The Act enables the health authorities to impose rules that prohibit or restrict visitors’ access to public and private nursing homes and hospitals.


Power to impose Rules to secure Supply of Goods

The Act enables the health authorities to, in cooperation with other ministers and the private sector, impose rules on special measures to secure the supply of goods.

 

This provision is the result of a number of incidents where private consumers have shopped in supermarkets at a degree much beyond their normal consumption, so-called hoarding.

 

Power to expropriate private Property

In order to carry through measures in pursuance of the new Act or rules resulting therefrom, the health authorities may initiate expropriation of private property.

 

This means that the health authorities may seize private property to be used for the common good, e.g. halls or empty lots where, if necessary, provisional treatment facilities, private hospitals or laboratories may be put up.

 

In the event that the health authorities carry through measures which, in pursuance of the new Act, constitute expropriation interventions, full compensation will be given to any and all person(s) affected.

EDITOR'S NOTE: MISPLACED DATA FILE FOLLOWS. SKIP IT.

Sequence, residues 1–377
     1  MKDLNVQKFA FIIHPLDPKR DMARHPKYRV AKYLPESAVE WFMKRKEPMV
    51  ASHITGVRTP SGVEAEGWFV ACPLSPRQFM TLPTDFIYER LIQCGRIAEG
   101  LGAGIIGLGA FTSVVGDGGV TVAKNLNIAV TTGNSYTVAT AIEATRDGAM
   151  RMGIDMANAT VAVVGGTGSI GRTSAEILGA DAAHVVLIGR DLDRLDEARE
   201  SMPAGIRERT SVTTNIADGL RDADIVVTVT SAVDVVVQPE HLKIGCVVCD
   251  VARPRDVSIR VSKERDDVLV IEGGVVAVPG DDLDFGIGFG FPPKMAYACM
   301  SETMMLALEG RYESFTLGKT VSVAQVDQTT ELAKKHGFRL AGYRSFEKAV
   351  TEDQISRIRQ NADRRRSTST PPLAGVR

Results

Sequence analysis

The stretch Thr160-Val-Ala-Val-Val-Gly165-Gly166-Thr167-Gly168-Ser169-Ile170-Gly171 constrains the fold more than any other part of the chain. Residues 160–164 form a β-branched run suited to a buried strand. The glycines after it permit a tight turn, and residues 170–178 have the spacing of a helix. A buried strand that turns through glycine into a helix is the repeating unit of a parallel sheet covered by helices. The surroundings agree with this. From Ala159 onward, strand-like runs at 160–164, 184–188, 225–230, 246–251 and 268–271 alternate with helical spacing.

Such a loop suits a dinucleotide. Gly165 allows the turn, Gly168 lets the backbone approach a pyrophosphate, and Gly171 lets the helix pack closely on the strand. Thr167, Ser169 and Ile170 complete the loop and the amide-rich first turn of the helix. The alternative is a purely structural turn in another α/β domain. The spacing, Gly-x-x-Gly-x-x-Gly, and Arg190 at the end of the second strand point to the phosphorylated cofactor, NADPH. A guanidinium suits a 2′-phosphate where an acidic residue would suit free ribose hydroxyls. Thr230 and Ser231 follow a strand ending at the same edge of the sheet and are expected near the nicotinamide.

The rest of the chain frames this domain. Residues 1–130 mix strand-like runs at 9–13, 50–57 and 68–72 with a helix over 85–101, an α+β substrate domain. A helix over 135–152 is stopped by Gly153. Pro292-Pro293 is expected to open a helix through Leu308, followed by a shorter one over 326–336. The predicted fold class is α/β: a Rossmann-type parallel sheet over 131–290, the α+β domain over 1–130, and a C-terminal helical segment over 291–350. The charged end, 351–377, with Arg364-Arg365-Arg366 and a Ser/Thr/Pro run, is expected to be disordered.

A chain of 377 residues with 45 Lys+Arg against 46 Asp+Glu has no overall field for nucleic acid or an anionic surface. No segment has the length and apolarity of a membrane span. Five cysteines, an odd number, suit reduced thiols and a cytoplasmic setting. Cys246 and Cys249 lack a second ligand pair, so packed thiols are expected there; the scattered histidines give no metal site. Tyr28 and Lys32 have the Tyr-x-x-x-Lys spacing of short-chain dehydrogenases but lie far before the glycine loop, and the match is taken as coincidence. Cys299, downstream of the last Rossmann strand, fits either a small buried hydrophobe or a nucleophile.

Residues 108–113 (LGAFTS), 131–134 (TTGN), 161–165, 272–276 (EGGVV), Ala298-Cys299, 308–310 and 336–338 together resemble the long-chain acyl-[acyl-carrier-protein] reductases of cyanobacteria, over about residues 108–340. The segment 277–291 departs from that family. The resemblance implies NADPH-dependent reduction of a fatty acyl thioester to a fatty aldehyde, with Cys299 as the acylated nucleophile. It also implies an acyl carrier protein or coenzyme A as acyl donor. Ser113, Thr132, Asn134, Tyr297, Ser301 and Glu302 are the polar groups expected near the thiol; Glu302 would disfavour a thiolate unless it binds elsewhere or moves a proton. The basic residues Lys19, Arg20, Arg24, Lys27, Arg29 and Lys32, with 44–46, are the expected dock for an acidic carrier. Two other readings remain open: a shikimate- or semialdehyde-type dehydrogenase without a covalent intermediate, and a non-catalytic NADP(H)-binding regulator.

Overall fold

Our Opinion

The increased spread of COVID-19 in Denmark is an extraordinary situation calling for extraordinary measures if a full-blown COVID-19 epidemic in Denmark is to be prevented as much as possible.

 

Notwithstanding the fact that the Act may be interfering for individuals in a number of areas, it is our opinion that the Act includes measures that are necessary in order for the authorities to intervene and ensure that the Danish systems are equipped to handle any further spread of COVID-19.

 

At Moalem Weitemeyer Bendtsen, we follow the constant development and continuously keep an eye on any statutory measures. 

 

 

If you have any question or would like additional information regarding the legal aspects of the new Act, please feel free to contact Partner  Pernille Nørkær (pno@mwblaw.dk), Senior Associate Henning Hedegaard Thomsen (hht@mwblaw.dk), Junior Associate Jonas Høst (jho@mwblaw.dk) or Junior Associate Marcus Alexander Svendsen (msv@mwblaw.dk).

 

The above does not constitute legal counselling and Moalem Weitemeyer Bendtsen does not warrant the accuracy of the information. With the above text, Moalem Weitemeyer Bendtsen has not assumes responsibility of any kind as a consequence of any reader’s use of the above as a basis for decision or considerations.